Negative emotions involve fear, anger, anxiety, distress, helplessness, and hopelessness which decrease a person's ability to solve the problems they face and weaken a person's resiliency.


Constant fears and worries weaken people's immune system and increase their vulnerability to illnesses. These factors are likely to play a more important role, the greater the individual's exposure to cumulative risk factors.

Three notable bases for resilience—self-confidence, self-esteem and self-concept —all have roots in three different nervous systems—respectively, the somatic nervous systemthe autonomic nervous system and the central nervous system.

Positive correlations stands with personality traits of openness and positive emotionality, that represents tendencies to engage and confront the world with confidence in success and a fair value to self-directedness. Studies show that maintaining positive emotions whilst facing adversity promote flexibility in thinking and problem solving.

Positive emotions serve an important function in their ability to help an individual recover from stressful experiences and encounters. That being said, maintaining a positive emotionality aids in counteracting the physiological effects of negative emotions.

It also facilitates adaptive coping, builds enduring social resources, and increases personal well-being.Once you are finished, you should be able to discuss the physical, social, and emotional benefits of participating in sports. To unlock this lesson you must be a Member.

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Kendra DeLoach McCutcheon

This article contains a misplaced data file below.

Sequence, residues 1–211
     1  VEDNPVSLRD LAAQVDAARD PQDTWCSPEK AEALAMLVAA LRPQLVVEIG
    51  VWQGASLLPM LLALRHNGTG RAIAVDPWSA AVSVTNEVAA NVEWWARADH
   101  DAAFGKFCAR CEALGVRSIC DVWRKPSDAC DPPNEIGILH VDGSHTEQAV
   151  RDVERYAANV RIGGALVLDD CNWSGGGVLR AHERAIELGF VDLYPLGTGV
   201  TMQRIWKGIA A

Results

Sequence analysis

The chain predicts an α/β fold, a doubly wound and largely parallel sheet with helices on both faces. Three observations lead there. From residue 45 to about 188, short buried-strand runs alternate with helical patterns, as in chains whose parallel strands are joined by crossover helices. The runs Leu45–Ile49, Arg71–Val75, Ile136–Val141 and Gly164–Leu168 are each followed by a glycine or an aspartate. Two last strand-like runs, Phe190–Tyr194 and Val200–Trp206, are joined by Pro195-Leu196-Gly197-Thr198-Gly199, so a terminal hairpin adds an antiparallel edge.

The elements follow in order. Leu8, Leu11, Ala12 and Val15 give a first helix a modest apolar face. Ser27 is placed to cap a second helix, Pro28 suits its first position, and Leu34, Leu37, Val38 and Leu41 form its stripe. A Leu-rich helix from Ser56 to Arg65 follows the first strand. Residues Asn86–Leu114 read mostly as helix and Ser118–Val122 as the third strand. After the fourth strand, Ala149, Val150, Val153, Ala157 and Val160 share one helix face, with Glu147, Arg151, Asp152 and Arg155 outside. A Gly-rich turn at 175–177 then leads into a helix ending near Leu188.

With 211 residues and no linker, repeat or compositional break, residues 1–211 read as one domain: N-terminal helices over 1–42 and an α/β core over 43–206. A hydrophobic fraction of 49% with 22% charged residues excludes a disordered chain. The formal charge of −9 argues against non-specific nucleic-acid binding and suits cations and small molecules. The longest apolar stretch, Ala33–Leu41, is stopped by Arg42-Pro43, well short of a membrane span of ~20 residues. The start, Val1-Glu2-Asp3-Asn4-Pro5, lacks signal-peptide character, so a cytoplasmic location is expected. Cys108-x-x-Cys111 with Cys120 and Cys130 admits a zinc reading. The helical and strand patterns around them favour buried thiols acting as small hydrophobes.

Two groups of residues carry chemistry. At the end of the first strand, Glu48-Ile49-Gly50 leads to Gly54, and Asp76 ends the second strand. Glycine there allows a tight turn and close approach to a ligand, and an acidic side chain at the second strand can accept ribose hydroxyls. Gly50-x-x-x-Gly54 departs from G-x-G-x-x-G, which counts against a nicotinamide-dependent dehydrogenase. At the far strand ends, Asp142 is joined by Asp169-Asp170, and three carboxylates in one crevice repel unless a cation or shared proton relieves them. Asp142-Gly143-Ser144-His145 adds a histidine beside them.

Play is essential to development because it contributes to the cognitive, physical, social, and emotional well-being of children and youth. Play also offers an ideal opportunity for parents to engage fully with their children.

Despite the benefits derived from play for both children and parents, time for free play has been markedly reduced for some children. Psychological resilience is the ability to successfully cope with a crisis and to return to pre-crisis status quickly.

Resilience exists when the person uses "mental processes and behaviors in promoting personal assets and protecting self from the potential negative effects of stressors".

An overview of the psychological and social benefits of participation in sport for adults

In simpler terms, psychological resilience exists in people who develop psychological and behavioral. The contribution of sport participation to overall health enhancing physical activity levels in Australia: a population-based study Young J, Harvey J, Charity M, Payne W.

A systematic review of the psychological and social benefits of participation in sport for adults: Informing development of a conceptual model of health through sport. Benefits of Exercise and Physical Activity for Psychological Health and Well-being In addition to its effects on physiological variables and a variety of chronic diseases and conditions, there is.

The evidence relating to health benefits of physical activity predominantly focuses on intra-personal factors such as physiological, cognitive and affective benefits, however, that does not exclude the social and inter-personal benefits of sport and physical activity which can also produce positive health effects in individuals and communities.